Construction and rehabilitation of wetlands
The rehabilitation and construction of wetlands and other treatment systems is undertaken for a wide range of reasons. Wetlands are often rehabilitated to return a system to its natural (or near-natural) state, to enhance opportunities for wildlife, or for recreational purposes. The construction of wetlands may occur for similar reasons e.g. replacing a previously removed catchment, pollution management, erosion control or water storage.
The first steps in rehabilitating and constructing wetlands are to determine the:
Identifying the values—or reasons why the wetland is important—is critical in developing the design. The Queensland Wetlands Program has developed a range of tools to help determine the best approach to the wetland rehabilitation or construction project.
Constructed wetlands are artificial systems designed to mimic certain conditions of natural wetlands. Like natural wetlands they have the potential to regulate levels of sediments, nutrients, metals and pathogens in water.
Constructed wetlands can be built for a variety of different purposes. Most are designed to treat stormwater or wastewater. Others can be designed to provide habitat and aesthetic values. A knowledge of wetland plants, soil and microbial life, and wetland processes is essential for building a wetland for any purpose.
Wetland construction requires a balanced approach between engineering, ecology, landscape design and natural resource management. In general, constructed wetlands are designed to use gravitational energy to move water. It is important to ensure that flow rates are not excessive, as high flows—especially during rainfall events—can stir up sediments and impede nutrient removal by destroying wetland vegetation. It may be necessary to incorporate design solutions to control flow rate. The key factors to water purification are the wetland plant communities and the amount of time the water spends within the wetland system. In general, the longer the water spends in contact with plants and the bottom of the wetland, the more effective the treatment.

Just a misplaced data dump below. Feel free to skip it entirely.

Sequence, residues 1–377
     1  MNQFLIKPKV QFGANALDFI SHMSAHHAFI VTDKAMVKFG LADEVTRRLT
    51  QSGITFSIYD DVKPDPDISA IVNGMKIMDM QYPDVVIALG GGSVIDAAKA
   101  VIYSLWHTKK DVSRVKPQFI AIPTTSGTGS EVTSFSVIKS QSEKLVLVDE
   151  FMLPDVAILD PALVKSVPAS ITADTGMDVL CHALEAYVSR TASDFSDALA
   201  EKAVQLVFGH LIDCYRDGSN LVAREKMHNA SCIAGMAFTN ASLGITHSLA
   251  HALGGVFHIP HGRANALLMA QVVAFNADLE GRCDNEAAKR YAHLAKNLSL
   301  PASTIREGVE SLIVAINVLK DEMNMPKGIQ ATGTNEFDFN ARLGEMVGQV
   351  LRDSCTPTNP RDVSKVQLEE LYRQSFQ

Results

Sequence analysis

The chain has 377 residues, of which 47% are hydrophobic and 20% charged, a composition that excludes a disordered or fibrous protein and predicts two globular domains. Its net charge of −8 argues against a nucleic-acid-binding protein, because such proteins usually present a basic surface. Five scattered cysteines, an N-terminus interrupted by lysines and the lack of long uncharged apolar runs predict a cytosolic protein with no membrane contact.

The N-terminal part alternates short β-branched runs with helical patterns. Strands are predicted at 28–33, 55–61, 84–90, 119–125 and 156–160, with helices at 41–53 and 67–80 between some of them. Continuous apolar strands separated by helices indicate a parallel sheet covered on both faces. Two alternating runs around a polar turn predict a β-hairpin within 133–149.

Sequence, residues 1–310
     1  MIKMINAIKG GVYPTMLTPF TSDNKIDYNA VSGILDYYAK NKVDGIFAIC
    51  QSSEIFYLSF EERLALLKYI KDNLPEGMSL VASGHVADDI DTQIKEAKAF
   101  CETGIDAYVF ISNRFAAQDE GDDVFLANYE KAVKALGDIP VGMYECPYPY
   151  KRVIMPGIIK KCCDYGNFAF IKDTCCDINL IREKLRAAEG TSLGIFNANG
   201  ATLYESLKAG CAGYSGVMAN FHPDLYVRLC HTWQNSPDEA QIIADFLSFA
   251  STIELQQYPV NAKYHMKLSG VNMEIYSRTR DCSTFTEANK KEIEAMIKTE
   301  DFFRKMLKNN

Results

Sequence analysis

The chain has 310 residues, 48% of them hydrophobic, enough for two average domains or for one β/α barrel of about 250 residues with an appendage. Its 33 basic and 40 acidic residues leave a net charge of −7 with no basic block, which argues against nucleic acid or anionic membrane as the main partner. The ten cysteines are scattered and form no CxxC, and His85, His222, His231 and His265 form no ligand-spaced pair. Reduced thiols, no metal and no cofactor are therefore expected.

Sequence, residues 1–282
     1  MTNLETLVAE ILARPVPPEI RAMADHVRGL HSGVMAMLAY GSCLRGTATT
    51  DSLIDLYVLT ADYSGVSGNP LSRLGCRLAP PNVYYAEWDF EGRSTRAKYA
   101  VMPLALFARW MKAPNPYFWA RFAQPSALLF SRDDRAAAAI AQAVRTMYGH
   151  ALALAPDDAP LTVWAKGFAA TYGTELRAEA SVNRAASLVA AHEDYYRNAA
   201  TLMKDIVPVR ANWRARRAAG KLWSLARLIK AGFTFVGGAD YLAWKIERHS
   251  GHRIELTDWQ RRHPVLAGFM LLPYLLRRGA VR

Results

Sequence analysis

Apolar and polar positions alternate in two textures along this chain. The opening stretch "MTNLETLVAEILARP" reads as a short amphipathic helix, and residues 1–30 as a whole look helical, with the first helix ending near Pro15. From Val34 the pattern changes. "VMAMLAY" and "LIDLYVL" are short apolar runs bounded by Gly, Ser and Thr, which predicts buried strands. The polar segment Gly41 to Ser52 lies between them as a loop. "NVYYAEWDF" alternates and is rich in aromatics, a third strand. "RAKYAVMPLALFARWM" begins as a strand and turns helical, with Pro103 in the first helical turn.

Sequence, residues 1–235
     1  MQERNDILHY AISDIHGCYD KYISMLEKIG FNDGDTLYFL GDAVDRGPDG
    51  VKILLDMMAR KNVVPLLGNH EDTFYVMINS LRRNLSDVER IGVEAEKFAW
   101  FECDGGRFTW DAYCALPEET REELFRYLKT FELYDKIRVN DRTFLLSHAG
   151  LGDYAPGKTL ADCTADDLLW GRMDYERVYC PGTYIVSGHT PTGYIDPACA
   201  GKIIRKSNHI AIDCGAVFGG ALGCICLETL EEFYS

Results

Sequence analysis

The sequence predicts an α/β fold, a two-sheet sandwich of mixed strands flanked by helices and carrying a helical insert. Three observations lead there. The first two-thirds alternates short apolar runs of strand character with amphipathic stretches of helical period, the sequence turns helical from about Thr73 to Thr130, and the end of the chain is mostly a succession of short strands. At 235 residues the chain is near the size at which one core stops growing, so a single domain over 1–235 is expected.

The keys to water purification are the wetland plant communities and the amount of time the water spends within the wetland system. In general, the longer the water spends in contact with the plant roots and/or wetland substrate, the more effective the treatment.
Treatment and constructed wetlands
Find out more on the treatment systems page.
The Wetland Management Handbook is a useful resource, providing information and advice on planning, designing, constructing, management and maintenance of constructed wetlands.
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Last updated: 30 August 2016
This page should be cited as:
Construction and rehabilitation of wetlands, WetlandInfo 2014, Department of Environment and Heritage Protection, Queensland, viewed 1 February 2017, .